EU set to vote to remove neutrality from the net, give ISPs and govts the power to arbitrarily block site

Carsten sez, "On May 5, thus in only two weeks, the politicians in Brussels will vote on a package of laws regulating the Internet in EU countries. This is the so-called telecoms package. If the lobbyists' and bureaucrats' version is adopted, ISPs will be able to arbitrarily block sites to their customers, and governments will be able to impose three-strikes measures without involving the judiciary. A group of MEPs, among them the Swede Eva-Britt Svensson, are proposing some amendments which will effectively table a set of digital 'Citizen's Rights' which will effectively prohibit filtering and cutoffs unless as decided in a courtroom with adequate cause/proof. If the Citizens' Rights amendments are accepted, Europeans will gain important safeguards, if not, lobbies and governments and Network Neutrality-bashing ISPs will get a free ride."

Tell the European Parliament to vote against conditional access to the Internet! (Thanks, Carsten!)


  1. Late last year I did some pro bono work for the Open Rights Group analysing an earlier version of the Telecoms Package (see the ORG press release here). What really struck me as I compared the competing amendments was the far-reaching effect that just a few sentences within a hundred-page legislative package could have.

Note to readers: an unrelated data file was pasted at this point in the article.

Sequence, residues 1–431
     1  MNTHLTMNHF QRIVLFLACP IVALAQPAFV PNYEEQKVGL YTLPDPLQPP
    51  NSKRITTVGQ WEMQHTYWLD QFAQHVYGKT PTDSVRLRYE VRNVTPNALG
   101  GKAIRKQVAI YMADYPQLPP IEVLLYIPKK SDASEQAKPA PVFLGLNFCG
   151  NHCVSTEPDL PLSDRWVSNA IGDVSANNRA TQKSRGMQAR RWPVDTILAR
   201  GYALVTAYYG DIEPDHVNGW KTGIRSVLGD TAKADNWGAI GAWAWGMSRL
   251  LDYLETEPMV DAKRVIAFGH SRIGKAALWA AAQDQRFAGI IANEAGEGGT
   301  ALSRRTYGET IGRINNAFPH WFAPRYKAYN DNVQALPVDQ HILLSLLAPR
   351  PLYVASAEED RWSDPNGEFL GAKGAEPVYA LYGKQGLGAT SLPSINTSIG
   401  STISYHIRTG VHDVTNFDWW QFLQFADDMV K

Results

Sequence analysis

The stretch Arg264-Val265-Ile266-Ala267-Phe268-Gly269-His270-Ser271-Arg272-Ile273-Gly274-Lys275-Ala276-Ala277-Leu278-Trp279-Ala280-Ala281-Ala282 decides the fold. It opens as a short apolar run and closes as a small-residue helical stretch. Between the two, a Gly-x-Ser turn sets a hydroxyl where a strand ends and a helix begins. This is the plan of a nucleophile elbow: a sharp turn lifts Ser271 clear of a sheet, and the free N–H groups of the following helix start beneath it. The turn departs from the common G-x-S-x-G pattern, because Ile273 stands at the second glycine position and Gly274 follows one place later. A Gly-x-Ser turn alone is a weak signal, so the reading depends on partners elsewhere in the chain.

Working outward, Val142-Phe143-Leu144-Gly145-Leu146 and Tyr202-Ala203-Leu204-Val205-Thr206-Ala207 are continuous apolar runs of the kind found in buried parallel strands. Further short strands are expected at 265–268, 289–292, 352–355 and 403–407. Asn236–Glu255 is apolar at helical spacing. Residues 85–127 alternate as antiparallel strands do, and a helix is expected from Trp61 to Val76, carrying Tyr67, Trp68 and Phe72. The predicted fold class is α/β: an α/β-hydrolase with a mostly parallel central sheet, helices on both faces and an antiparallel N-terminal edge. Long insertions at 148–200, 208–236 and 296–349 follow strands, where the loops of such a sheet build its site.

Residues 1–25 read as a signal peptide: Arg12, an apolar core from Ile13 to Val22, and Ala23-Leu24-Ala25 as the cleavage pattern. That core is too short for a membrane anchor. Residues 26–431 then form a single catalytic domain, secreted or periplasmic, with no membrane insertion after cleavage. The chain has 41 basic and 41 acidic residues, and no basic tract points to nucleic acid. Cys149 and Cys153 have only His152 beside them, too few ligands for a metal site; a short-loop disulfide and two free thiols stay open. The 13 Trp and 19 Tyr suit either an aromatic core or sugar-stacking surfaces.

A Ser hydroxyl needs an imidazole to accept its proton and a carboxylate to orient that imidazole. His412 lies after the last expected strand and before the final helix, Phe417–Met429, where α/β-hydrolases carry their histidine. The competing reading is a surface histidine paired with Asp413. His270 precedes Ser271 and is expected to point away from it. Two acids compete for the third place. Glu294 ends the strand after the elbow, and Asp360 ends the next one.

It doesn’t take very long to say that any process for disconnecting ISP users must be compliant with Article 6 of the European Convention on Human Rights – the right to a fair and open trial. Equally, it doesn’t take long to delete those words and instead say that EU national governments are to ‘align the interests’ – or some other innocuous-sounding phrase – of ISPs and rights-holder industry groups.

    At the time, sense prevailed and efforts to remove safeguards failed. But the EU legislative process is slow, bureaucratic and repetitive, and in many ways we are back where we were then. The language of the proposals is different but the competing agendas are the same. I urge any EU citizen reading this to contact his or her MEP to explain the importance of voting for the accountable and transparent rule of law to be applied to internet access.

    More good resource sites: La Quadrature du Net and IPTegrity

  2. Interestingly I have received replies from my MEPs contradicting everything that has been said here and elsewhere about the purpose of this legislation so I am now incredibly confused and don’t have the means to identify exactly what the heck this really means.

  3. Question:

    Where on the official EU website, or whatever, does it say they are going to vote about this? I couldn’t find anything about it.

    Also I would have expected the ‘EFF europe’ site to scream a call to arms, so to speak. Again, nothing.

  4. Where on the official EU website, or whatever, does it say they are going to vote about this?